Original Source CJ Online
Blair was arrested April 10 on a charge alleging he knew about the planned attack using a weapon of mass destruction at Fort Riley.
Blair defended by Christopher Joseph of Joseph Hollander & Craft faces a federal charge of misprision of a felony. Authorities allege he knew about the planned attack and did not report it to state or federal authorities.
Charged with allegedly knowing about another man’s plan to detonate a bomb at Fort Riley to kill soldiers was placed on house arrest on Thursday in U.S. District Court in Topeka.
The defendant, Alexander E. Blair, 28, will live in the Meriden home of his parents who agreed in court to supervise him and to monitor him during his release from incarceration.
Blair will not be released until Monday at the earliest so that a piece of monitoring equipment can be located for him. Until then, Blair will remain in the custody of the U.S. Marshal’s Office.
The prosecutors from the U.S. Attorney’s Office and the Department of Justice as well as the defense attorney agreed with the conditions of release for Blair.
Before District Court Judge Daniel Crabtree made his ruling Thursday, he read all the conditions of release in open court, then Blair’s parents signed an agreement to be responsible for their son.
Blair’s mother told the judge her son hadn’t been a problem in their home.
The judge asked Blair whether he understood the conditions of release.
“Yes, sir,” Blair said. Blair will be released on an unsecured bond.
Outside the courthouse, defense attorney Chris Joseph said, “It would have been unusual to not have released (Blair) on misprision of a felony. He was cooperative with (federal) agents and continues to be cooperative.”
Blair’s parents “are very happy to get him home,” Joseph said.
Blair is to remain in his home except when at work, in school, at appointments for mental health treatment, or at alcohol or drug treatment appointments, the judge said.
Blair’s other conditions of release include he is to:
— Surrender any passport.
— Not obtain another passport or travel document.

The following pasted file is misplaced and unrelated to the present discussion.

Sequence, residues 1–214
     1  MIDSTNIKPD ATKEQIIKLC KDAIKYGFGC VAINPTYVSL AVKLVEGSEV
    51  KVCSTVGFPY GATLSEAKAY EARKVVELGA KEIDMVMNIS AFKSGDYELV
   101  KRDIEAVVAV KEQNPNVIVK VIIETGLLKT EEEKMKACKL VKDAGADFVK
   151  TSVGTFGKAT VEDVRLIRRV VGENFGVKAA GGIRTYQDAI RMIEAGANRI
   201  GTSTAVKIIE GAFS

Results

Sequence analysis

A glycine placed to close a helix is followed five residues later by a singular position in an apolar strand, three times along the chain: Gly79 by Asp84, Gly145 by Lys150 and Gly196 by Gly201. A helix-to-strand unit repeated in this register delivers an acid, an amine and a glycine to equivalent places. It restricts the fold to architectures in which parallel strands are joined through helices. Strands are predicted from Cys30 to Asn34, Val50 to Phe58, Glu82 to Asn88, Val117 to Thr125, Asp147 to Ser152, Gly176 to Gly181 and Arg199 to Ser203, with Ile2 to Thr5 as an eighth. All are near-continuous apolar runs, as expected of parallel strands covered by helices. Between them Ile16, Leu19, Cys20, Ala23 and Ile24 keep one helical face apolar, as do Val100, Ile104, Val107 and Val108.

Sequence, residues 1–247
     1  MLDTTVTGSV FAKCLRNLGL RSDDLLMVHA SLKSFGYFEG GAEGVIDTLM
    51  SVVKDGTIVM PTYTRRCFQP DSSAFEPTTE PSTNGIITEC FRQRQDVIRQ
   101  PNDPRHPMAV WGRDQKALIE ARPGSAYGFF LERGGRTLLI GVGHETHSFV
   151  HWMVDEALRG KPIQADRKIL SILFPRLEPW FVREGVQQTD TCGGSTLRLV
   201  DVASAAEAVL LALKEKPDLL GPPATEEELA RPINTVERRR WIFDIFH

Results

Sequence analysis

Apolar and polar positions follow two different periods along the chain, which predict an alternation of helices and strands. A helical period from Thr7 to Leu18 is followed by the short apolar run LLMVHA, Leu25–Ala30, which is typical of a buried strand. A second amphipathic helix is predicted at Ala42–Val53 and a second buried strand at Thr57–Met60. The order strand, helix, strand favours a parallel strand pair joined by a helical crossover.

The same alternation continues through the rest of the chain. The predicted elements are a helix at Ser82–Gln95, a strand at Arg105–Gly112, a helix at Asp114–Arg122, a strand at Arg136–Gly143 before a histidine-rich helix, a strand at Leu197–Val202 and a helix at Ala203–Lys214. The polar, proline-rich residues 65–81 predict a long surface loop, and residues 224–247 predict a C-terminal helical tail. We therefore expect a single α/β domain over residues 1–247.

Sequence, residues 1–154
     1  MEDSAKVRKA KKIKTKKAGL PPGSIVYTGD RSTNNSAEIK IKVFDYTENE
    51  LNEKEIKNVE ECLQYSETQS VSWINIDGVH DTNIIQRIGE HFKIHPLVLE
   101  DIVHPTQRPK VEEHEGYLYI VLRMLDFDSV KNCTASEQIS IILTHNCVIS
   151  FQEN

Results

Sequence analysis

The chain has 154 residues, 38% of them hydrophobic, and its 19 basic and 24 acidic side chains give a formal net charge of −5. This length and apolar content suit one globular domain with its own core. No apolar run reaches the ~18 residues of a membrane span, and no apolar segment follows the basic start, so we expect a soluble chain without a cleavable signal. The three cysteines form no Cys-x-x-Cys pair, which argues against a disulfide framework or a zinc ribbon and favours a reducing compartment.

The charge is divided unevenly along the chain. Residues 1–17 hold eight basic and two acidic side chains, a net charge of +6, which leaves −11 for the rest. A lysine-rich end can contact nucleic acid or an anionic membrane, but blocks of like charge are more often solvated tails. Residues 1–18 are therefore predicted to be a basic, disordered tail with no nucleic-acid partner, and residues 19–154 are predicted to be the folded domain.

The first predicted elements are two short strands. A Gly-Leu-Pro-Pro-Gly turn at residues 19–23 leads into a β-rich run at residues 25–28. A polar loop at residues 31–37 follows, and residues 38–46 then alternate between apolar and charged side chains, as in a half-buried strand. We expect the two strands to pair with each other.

— Not travel outside Kansas.
— Not possess a firearm or explosive.
— Not use any narcotic other than a prescription.
— Not use alcohol “excessively.”
— Not tamper with a GPS monitoring device.
— Not have contact with John T. Booker Jr. or any witness. Booker Jr., 20, of Topeka, was arrested April 10 and charged in federal court with attempting to detonate a suicide bomb at the Fort Riley military base.
In seeking Blair’s release from custody with conditions, Joseph contended in a written brief that Blair wasn’t a risk to flee, saying Blair didn’t have any money and didn’t own a vehicle.
Future hearing dates won’t be scheduled until prosecution and defense attorneys submit a proposed schedule for the case to the judge.
If convicted of misprision of a felony, Blair could face up to three years in prison. Blair, who is a U.S. citizen, is a 2006 graduate of Jefferson West High School in Jefferson County and takes a medication for depression, anxiety and attention deficit disorder.Booker was indicted by a federal grand jury Thursday and is charged with one count of attempting to use a weapon of mass destruction, one count of attempting to damage property by means of an explosive, and one count of attempting to provide material support to the Islamic State, according to a federal indictment unsealed April 10.
In Blair’s criminal complaint filed by the U.S. Attorney’s Office, prosecutors have alleged Blair shared some of Booker’s “extremist views concerning Jihad against the United State military,” Blair knew about Booker’s plan to detonate a bomb at Fort Riley, knew Booker planned to kill as many soldiers as possible, and admitted he loaned money to Booker to rent a storage unit to store components for a “vehicle-borne improvised explosive device” (VBIED) and to build the device there.